Professional ransomware authors typically use online Command & Control centers for their campaigns as they provide multiple benefits, including the ability to track affiliate campaigns, use unique keys created for victims, and alter campaign specifics on the fly. The old "if it ain't broke, don't fix it" method has served them well for the longest time, but everything has to change eventually, and even malware makers have to adapt with the times.
The reason for this shift in attack strategy is that not all computers are online, which represents a blip in the ability of bad actors to make as much money as humanly possible.
If ransomware can't “phone home” when it's time to begin infecting the target, then no encryption can take place and their efforts are wasted. To get around this, it's becoming more common to see offline features built into more traditional packages. As a result, offline ransomware is becoming a solid and popular alternative, even if it is a little limiting in some circumstances as we'll discuss later.
A major player that recently included offline functionality in its ransomware is the infamous Zepto. This ransomware, which typically arrives in a Zip attachment via a rogue email, renames all infected files to .zepto and demands an expensive ransom be paid should the victim be unfortunate enough to execute the file.
Zepto, which is a Locky variant, has been causing problems for some time now with its default setup, but it only recently made the leap into the world of offline infection.
What if the victim drops offline or attempts to pull the plug before it's too late? No problem -- Zepto can work around it, thanks to hardcoded RSA keys, which means there's no need to contact the C&C server. Zepto even goes after files it considers to be most valuable first, such as those related to virtual wallets and .doc files, over other potentially less important files in a determined effort to make the victim pay up as fast possible.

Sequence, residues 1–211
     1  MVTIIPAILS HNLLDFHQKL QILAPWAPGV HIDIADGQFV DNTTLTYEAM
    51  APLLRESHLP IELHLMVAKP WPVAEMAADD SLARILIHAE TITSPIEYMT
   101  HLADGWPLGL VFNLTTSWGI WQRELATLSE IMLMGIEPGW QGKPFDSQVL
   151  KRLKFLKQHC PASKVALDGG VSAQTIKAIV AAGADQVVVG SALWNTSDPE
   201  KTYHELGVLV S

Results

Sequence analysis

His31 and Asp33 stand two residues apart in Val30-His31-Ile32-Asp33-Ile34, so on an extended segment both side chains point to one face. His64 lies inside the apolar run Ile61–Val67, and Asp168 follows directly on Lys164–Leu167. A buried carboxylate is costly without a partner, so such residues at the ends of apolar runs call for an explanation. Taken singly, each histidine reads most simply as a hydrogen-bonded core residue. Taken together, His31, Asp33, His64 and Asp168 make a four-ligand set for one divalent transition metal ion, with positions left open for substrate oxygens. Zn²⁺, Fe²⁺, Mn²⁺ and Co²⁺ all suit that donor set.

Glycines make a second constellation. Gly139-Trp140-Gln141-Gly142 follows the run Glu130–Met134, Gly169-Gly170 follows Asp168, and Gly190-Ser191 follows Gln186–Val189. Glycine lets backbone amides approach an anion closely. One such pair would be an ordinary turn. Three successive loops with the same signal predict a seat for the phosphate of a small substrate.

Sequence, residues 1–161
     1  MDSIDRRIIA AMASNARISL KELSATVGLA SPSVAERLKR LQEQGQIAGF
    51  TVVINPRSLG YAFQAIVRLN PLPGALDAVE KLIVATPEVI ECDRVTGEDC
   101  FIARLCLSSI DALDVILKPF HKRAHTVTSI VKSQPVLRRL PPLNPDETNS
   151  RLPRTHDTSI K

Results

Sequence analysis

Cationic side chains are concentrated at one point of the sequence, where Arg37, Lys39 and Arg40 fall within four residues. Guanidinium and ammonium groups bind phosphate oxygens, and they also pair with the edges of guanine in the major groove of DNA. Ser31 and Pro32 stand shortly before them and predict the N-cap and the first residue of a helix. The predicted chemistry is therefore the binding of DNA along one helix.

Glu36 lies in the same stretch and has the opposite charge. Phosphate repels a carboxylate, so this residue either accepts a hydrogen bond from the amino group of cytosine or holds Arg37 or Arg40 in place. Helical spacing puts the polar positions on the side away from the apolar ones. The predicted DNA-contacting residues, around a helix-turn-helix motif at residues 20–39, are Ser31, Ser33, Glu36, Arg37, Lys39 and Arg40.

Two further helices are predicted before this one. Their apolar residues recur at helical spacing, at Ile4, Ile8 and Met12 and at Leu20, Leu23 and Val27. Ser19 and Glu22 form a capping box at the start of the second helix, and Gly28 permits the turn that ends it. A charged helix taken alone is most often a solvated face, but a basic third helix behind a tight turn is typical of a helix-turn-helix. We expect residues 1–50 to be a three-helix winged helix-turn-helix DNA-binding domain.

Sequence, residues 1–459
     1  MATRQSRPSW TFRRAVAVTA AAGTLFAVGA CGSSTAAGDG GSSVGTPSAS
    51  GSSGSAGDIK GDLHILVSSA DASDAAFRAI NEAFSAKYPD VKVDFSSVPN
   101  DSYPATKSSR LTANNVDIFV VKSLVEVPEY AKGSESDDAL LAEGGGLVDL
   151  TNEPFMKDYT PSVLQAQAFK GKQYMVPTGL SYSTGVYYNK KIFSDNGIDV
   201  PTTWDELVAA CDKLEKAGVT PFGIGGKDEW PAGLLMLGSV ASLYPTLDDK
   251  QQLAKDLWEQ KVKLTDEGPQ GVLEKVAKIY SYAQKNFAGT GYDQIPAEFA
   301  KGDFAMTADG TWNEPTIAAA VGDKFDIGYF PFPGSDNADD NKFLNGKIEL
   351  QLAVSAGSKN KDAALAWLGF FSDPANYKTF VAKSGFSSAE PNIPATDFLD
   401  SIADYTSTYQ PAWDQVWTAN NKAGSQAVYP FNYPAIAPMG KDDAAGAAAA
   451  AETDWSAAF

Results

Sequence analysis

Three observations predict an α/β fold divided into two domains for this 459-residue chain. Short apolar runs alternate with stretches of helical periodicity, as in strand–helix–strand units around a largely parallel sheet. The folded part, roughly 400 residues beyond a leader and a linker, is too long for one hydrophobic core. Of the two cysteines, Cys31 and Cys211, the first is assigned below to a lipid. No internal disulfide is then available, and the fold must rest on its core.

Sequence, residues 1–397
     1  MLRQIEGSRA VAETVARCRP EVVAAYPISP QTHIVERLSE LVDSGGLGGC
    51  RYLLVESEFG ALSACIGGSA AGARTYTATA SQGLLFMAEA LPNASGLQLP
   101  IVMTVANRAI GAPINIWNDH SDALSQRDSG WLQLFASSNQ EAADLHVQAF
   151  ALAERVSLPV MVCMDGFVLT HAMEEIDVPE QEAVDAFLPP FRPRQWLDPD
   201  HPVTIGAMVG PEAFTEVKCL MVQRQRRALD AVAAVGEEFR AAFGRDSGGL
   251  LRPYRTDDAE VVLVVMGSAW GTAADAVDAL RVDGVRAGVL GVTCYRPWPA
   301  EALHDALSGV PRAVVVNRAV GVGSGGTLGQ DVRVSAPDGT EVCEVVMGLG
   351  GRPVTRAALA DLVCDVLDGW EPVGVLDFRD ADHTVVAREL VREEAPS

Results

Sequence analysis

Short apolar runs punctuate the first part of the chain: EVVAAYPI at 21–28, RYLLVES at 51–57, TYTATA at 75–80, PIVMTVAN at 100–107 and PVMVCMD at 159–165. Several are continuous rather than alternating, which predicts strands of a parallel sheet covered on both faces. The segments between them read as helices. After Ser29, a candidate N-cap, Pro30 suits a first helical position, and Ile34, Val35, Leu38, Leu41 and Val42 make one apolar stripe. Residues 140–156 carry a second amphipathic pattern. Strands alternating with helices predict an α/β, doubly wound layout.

The current threat landscape is a mish-mash of online ransomware, offline ransomware, and those that are a mixture of the two.
To be clear, it's debatable whether fully offline ransomware is "better" than families that make use of C&C servers. Many ransomware authors try to combine both approaches, using offline as a sort of fallback for when the more typical infection opportunity isn't viable.
Do-it-yourself ransomware is a huge attraction for script kiddies, and the complex setup that we see from the professionals is often beyond them. Giving up the day job of having to worry about C&C servers and complex distributed management means creators get to fly a little lower under the radar from law enforcement and security researchers, so this is naturally an attractive proposition for them.
The flipside is that many files "inspired" by the likes of Zepto and others tend to be broken or use predefined keys, which means someone who pays can share their unlock code(s) with others. Combine that with the inability to track a campaign's success, and a would-be ransomware author is missing valuable tools to learn and move up the ranks, leaving the field to the big players churning out hundreds of thousands of infected emails.
Combining a layered approach to security with a solid and logical backup system ensures that the impact from an outbreak will be thwarted. With ransomware profits expected to hit $1 billion this year, there's never been a better time to take action -- whether online or off.